sailor’s hat. It was popularized by Paul Durham.

Photo courtesy of Linfield Atheltics

The wildcat signs Linfield’s 154th birthday banner. The wildcat itself was 88 years old.

Photo courtesy of Linfield Wildcat

The wildcat dances around the track for a sporting event.

Rosa Johnson/Copy editor

Make healthy snacks in your hall

Baked Edamame

1 bag of frozen shelled edamame

1 tablespoon of garlic powder

Salt and pepper to taste

1 tablespoon of olive oil

1/4 of grated parmesan cheese

1. Put all of the ingredients together

2. Bake for 20 min at 400 degrees

Healthy Pizza

1 whole wheat tortilla shell

2 tablespoons of low sodium marinara sauce

2 tablespoons of mozzarella cheese

3 oz. ground pre-cooked turkey

1. Layer the sauce, cheese and meat on the tortilla

2. Cook at 425 for 12 min

Baked Carrot and Sweet Potato Fries

1 sweet potato, washed and cut into 1/2 inch wide strips

6-8 carrots, washed and cut into 1/2 inch wide strips

2 tablespoons olive oil

2 tablespoons dried herbs (try parsley, rosemary, or thyme)

1 teaspoon salt

1/2 teaspoon pepper

2 Servings

1. Preheat oven at 400°F. Cut sweet potato and carrots into french fry strips. In a large baking sheet, toss carrots and sweet potatoes with olive oil, dried herbs and salt & pepper.

2. Arrange in a single layer and make sure to flip the fries over two or three times to brown evenly. Bake for about 35-40 minutes, or until golden brown and crisp. Keep an eye on them making sure not to burn. Serve with garlic aioli.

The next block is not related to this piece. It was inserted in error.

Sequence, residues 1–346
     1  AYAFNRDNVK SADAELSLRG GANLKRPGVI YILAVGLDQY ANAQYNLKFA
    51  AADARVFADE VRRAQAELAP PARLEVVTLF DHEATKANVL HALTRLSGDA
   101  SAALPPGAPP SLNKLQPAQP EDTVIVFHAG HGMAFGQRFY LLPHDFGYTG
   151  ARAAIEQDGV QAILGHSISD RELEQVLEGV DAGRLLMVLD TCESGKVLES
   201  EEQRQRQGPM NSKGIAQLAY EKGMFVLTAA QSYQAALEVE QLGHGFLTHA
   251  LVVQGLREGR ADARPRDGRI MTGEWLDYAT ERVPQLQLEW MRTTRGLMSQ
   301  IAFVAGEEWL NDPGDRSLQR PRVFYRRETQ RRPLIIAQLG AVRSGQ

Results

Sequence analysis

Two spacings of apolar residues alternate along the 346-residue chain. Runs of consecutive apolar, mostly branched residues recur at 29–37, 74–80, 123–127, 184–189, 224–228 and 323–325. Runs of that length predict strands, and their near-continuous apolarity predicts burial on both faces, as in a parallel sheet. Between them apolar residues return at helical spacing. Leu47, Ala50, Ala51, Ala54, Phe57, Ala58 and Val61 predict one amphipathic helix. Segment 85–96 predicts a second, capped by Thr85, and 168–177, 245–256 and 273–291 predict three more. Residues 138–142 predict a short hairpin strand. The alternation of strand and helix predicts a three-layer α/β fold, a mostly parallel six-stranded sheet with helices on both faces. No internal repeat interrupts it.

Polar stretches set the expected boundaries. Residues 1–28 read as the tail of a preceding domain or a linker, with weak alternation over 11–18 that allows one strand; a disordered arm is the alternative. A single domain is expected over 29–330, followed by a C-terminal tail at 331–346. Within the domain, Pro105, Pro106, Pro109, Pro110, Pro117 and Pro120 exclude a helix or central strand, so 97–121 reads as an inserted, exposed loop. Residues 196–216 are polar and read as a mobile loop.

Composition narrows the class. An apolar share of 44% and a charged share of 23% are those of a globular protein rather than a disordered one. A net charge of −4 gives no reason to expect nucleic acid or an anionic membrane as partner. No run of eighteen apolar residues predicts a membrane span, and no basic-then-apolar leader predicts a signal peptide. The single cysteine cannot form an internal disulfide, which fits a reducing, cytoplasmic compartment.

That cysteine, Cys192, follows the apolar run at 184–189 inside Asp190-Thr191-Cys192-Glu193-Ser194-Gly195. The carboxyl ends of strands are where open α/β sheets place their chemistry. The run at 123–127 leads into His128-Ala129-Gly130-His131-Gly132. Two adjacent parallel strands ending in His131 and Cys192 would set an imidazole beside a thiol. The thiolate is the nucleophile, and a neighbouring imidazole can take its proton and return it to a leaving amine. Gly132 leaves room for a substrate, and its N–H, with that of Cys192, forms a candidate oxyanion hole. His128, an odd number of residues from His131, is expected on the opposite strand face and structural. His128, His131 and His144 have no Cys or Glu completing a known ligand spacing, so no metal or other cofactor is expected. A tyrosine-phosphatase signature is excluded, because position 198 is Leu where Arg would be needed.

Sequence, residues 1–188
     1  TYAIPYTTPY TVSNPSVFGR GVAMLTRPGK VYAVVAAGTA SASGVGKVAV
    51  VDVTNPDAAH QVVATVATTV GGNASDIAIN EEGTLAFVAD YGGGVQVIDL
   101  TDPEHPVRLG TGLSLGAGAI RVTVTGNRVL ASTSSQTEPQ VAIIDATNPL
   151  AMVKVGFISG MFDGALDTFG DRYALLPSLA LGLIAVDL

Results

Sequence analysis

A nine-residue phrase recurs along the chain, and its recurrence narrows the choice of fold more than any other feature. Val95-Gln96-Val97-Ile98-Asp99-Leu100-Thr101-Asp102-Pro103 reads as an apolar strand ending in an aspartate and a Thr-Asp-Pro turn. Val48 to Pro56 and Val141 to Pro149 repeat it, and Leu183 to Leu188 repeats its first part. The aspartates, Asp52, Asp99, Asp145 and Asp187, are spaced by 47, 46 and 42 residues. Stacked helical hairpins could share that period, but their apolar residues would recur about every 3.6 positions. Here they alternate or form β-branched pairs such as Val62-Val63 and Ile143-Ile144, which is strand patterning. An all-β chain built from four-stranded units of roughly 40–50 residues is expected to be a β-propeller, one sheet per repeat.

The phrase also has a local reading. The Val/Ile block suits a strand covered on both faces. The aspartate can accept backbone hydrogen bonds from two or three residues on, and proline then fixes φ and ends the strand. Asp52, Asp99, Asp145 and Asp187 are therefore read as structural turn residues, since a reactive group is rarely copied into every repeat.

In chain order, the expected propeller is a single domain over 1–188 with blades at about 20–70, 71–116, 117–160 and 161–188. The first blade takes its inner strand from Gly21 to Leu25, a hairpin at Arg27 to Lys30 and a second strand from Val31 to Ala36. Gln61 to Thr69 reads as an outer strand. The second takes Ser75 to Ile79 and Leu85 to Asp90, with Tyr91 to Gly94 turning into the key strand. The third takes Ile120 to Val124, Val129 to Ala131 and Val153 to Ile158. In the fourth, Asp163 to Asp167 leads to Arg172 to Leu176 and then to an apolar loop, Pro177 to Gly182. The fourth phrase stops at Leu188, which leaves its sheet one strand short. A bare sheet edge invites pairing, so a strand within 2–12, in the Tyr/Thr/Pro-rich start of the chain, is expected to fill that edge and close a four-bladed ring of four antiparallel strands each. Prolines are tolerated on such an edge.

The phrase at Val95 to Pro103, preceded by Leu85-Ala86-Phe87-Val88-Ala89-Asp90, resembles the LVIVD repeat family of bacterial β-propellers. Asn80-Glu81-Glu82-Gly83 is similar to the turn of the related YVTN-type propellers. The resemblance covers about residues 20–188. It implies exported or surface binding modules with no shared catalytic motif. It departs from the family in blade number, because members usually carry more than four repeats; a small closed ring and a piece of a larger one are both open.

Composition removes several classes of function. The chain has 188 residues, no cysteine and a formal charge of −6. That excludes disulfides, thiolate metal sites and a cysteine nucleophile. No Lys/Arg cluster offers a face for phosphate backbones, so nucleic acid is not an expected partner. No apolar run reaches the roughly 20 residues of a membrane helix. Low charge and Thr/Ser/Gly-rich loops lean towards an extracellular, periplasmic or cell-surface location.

Recipe from Wishful Chef

Peanut-Broccoli Stir-fry

1 (16-oz.) package firm tofu

2 cups uncooked brown rice

1/2 teaspoon salt

1 1/2 cups vegetable broth

1 tablespoon light brown sugar

2 tablespoons fresh lime juice

2 tablespoons sweet chili sauce

2 tablespoons creamy peanut butter $

1 tablespoon lite soy sauce

1 teaspoon grated fresh ginger

3/4 teaspoon cornstarch

1 tablespoon peanut or vegetable oil

1 teaspoon dark sesame oil

2 cups fresh broccoli florets

1 cup carrot sticks

2 tablespoons chopped peanuts


Garnish: lime wedges

2 Servings

1. Place tofu between 2 flat plates. Weight the top with a heavy can. (Sides of tofu should be bulging slightly but not cracking.) Let stand 45 minutes; discard liquid. Cut tofu into 1/2 inch cubes.

2. Prepare rice according to package directions, adding 1/2 tsp. salt.

3. Meanwhile, combine vegetable broth and next 7 ingredients in a medium bowl, stirring well. Add tofu, and toss to coat. Let stand 10 minutes. Remove tofu from marinade, reserving marinade.

4. Heat oils in a nonstick skillet or wok over high heat 1 minute. Add tofu, and stir-fry 4 to 5 minutes or until browned. Remove tofu. Add broccoli and carrot sticks; stir-fry 2 minutes. Add reserved marinade, and bring to a boil. Cook, stirring constantly, 2 minutes or until thickened; stir in cooked tofu. Serve over hot cooked rice. Sprinkle with chopped peanuts. Garnish, if desired.

Recipe from

Gilberto Galvez/Features editor

Gilberto Galvez can be reached at